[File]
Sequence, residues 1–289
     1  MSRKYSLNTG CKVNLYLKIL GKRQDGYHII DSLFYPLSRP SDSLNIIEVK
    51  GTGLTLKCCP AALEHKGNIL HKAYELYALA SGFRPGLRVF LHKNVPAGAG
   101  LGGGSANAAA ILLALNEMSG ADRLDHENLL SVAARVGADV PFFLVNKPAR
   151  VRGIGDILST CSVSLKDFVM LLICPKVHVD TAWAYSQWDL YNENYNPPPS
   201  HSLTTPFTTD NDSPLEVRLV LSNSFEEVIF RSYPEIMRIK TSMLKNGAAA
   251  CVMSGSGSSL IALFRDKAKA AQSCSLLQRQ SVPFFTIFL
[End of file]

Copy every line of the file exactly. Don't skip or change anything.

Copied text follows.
Sequence, residues 1–289
     1  MSRKYSLNTG CKVNLYLKIL GKRQDGYHII DSLFYPLSRP SDSLNIIEVK
    51  GTGLTLKCCP AALEHKGNIL HKAYELYALA SGFRPGLRVF LHKNVPAGAG
   101  LGGGSANAAA ILLALNEMSG ADRLDHENLL SVAARVGADV PFFLVNKPAR
   151  VRGIGDILST CSVSLKDFVM LLICPKVHVD TAWAYSQWDL YNENYNPPPS
   201  HSLTTPFTTD NDSPLEVRLV LSNSFEEVIF RSYPEIMRIK TSMLKNGAAA
   251  CVMSGSGSSL IALFRDKAKA AQSCSLLQRQ SVPFFTIFL